Carry on Girls

WFTB Score: 4/20

The plot: In the sleepy seaside town of Fircombe (geddit?), Councillor Sidney Fiddler plans to liven up the tourist trade by holding a pageant, much to the dismay of his bride to-be Connie Philpotts, whose hotel is overrun by the bevy of beauties. Sid ingeniously drums up publicity for the show but he is unprepared for the meddling of rival councillor, arch-feminist Augusta Prodworthy.

While ‘dignified’ would never be the first word used to describe the Carry ons, there is always a sense of fun in the series’ best examples (Cleo, Cowboy, Up the Khyber) and the knowledge that if one joke isn’t to your taste, there will be another one along in a couple of seconds. Carry on Girls, with its one-note script by a deeply uninspired Talbot Rothwell, feels murky and decidedly undignified.

There are several reasons for this, not least of which is the age of the Carry on crew by this point in time. Sid James puts his all into the role of randy Cllr Fiddler but looks old, and it’s barely credible that he would captivate widowed Connie Philpotts (Joan Sims, asked to be more shrill than usual), let alone Babs Windsor, who turns up on a motorbike as Hope Springs, aka Miss Easy Rider. Kenneth Williams and Charles Hawtrey are sorely missed, as too much screen time is left to lesser lights like Jack Douglas, Peter Butterworth and Kenneth Connor, who plays the oafish, ineffectual Mayor Bumble. It is significant, too, that Carry on Girls is not a parody of another genre but a film showing contemporary England; this is bound to date the film, and the scenes in Bumble’s house paint the seaside town, and the seventies as a whole, as a rather grim place.

Not having a genre or film to lampoon also means that the script has to come up with its own gags, and Carry on Girls is particularly bare on this front (pun intended). There are a few basic jokes that are stretched beyond tolerance: in the first, buxom contestant Dawn Brakes (Margaret Nolan) has part of her clothing torn off, either by somebody’s clumsiness or by Hope in an effort to get the beauty show more publicity – this scene in particular, with the two women chasing each other round the hotel lobby on all fours, definitely fails to qualify as dignified, and Nolan is further humiliated during a photo-shoot with Robin Askwith as Peter Butterworth’s clumsy, lascivious admiral lands on top of her.

The second joke is a variation on the first involving the removal of Kenneth Connor’s trousers; the third is a series of pratfalls, personified in Jack Douglas’ William, performed in verbally and physically twitchy Alf Ippititimus mode; and then there’s the tiresome innuendo, with every reference to doing ‘it’ milked, plus two separate stabs at a joke about taking down knickers.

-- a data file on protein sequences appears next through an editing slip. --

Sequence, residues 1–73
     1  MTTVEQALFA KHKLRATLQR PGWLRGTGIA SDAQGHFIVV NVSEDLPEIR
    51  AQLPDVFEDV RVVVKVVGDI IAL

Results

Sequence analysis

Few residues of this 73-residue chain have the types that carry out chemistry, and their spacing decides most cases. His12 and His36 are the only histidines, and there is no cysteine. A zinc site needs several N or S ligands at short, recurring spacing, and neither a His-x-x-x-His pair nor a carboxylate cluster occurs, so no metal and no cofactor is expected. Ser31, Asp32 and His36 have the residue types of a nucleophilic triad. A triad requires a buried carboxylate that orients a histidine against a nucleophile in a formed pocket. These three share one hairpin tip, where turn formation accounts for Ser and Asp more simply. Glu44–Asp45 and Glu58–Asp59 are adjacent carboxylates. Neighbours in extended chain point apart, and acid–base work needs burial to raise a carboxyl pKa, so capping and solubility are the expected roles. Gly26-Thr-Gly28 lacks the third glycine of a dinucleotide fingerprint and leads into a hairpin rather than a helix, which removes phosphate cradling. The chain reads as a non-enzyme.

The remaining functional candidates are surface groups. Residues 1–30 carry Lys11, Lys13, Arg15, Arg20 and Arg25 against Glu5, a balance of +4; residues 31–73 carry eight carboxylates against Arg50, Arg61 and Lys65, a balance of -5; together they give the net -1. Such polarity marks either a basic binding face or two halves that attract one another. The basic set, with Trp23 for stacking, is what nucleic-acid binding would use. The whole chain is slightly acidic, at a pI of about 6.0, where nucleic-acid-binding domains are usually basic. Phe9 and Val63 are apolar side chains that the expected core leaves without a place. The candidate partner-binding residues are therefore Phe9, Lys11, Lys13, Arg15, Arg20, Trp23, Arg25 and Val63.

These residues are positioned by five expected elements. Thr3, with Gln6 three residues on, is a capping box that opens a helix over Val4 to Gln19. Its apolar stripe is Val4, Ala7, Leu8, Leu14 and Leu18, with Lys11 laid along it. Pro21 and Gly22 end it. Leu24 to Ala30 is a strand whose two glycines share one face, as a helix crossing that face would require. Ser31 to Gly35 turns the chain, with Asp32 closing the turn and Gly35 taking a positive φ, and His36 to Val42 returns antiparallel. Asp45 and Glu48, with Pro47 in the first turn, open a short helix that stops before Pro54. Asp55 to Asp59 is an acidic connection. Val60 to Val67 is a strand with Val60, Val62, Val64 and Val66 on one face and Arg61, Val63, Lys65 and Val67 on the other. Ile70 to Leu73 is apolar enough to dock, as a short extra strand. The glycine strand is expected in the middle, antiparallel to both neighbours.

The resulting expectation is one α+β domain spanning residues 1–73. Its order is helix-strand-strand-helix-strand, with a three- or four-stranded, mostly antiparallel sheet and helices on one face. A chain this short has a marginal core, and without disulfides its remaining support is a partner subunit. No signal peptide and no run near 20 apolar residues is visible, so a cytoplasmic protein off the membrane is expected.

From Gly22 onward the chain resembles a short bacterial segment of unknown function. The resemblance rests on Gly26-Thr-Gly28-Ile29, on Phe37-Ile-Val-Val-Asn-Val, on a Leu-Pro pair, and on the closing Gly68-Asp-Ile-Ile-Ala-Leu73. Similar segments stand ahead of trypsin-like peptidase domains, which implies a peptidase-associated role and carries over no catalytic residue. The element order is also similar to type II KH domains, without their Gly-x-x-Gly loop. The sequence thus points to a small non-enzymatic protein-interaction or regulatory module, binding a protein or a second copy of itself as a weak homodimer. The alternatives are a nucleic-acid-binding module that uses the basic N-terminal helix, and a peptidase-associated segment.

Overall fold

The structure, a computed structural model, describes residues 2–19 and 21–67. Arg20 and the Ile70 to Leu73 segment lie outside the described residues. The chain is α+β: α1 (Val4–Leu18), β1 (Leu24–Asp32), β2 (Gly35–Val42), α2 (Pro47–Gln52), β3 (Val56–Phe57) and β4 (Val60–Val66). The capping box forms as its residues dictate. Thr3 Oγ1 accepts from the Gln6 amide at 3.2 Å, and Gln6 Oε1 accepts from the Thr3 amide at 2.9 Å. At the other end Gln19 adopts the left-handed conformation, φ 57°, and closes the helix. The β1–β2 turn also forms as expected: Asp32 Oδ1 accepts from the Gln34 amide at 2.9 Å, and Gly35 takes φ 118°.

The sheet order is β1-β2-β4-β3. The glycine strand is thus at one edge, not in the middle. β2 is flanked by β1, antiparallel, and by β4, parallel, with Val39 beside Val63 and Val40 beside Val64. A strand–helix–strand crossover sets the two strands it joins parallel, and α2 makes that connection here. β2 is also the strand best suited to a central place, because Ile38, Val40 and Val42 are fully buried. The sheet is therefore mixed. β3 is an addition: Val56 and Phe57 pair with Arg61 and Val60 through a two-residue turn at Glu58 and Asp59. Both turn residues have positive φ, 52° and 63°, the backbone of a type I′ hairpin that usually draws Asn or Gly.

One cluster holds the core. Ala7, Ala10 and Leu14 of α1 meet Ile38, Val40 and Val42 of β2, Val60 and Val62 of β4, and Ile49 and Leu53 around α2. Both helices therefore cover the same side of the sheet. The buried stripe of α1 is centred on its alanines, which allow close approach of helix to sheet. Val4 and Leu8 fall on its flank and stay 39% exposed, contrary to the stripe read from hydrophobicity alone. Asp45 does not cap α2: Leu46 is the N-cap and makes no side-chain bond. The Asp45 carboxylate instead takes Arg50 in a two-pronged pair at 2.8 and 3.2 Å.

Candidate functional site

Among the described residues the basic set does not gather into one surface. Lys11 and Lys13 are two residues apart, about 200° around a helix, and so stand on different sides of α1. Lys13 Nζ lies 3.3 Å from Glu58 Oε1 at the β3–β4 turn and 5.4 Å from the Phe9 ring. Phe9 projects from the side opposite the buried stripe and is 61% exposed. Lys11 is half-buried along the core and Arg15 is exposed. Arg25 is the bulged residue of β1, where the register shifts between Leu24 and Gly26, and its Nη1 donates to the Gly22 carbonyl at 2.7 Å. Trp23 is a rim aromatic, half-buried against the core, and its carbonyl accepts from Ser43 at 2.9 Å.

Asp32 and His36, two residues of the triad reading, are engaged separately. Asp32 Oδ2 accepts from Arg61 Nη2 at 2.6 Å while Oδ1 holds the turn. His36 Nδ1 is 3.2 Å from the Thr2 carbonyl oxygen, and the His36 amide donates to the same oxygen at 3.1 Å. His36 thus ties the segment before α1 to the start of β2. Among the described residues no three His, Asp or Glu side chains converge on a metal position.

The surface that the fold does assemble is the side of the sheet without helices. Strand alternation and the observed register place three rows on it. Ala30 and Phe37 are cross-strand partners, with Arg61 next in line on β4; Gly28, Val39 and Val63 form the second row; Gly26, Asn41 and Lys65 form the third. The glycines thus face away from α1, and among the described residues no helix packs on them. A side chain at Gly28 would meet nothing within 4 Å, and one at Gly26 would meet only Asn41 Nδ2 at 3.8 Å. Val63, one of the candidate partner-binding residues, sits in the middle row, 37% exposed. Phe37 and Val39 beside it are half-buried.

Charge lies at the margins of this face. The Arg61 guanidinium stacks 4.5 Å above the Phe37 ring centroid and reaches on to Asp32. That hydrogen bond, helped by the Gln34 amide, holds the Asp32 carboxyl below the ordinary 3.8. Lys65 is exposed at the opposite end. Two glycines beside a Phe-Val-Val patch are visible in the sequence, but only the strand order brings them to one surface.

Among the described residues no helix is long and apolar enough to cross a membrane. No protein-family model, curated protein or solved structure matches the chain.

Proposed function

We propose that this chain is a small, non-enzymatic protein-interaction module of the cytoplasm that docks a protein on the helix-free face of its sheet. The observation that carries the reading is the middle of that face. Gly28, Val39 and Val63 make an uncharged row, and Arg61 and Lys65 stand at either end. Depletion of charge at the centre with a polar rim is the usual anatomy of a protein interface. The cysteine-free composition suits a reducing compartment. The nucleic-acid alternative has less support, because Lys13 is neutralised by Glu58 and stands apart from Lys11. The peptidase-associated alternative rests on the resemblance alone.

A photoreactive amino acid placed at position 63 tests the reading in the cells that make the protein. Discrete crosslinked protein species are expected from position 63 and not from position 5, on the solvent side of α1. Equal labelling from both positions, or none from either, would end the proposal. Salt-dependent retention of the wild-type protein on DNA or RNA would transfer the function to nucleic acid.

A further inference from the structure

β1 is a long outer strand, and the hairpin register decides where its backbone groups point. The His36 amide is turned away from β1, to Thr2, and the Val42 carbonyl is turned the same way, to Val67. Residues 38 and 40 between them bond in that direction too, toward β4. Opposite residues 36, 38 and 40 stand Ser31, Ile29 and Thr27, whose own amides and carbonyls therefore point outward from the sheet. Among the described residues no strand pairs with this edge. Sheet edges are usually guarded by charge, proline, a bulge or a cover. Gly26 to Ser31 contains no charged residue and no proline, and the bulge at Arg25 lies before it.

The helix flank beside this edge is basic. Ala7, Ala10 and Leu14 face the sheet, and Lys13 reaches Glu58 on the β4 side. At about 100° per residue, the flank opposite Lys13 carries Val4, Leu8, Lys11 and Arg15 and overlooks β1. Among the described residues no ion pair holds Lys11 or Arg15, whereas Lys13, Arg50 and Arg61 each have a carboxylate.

There are a couple of bright moments, for example when publicist Bernard Bresslaw is made to pose as a contestant when a television crew appears, or whenever Patsy Rowlands is on screen as the mayor’s gloriously slovenly wife; but the highlights are few and far between and lost among the film’s highly dubious sexual politics. June Whitfield plays the councillor opposed to the beauty contest; with an assistant who dresses in a tie and suit (so is almost certainly a lesbian), she organises the local women’s lib movement and activates their dowdy ranks into causing chaos at the beauty show.

While this does provide the film with a climax of sorts, it also suggests that there are essentially two types of women: dolly birds (the film’s term, not mine) and flat-chested harpies. There is, naturally, only one kind of man, the sort who goes ‘Phwooar’ at other women but expects virginal chastity in his own partner – Bresslaw lays down the law to fiancée Paula (Valerie Leon, unaccountably dubbed) because her costume shows off her belly button (‘I will own you!’ he says, referring to their impending marriage). The film does give an example of another type of man, but the less said about monstrously camp TV producer Cecil Gaybody (Jimmy Logan) – yes, he’s actually called Gayboy at one point – the better.

Without a decent story or script, Carry on Girls is a sad example of the fag-end of the Carry on series, reflecting the fact that when the films were good they could be very good, but when they were bad they were pretty horrid. When I say that worse was to come – Carry on England and Carry on Emmannuelle followed – it is not to give much praise to this film, but to indicate the direness of the later efforts. You have been warned!

Cruel Intentions 2: Manchester Prep

WFTB Score: 4/20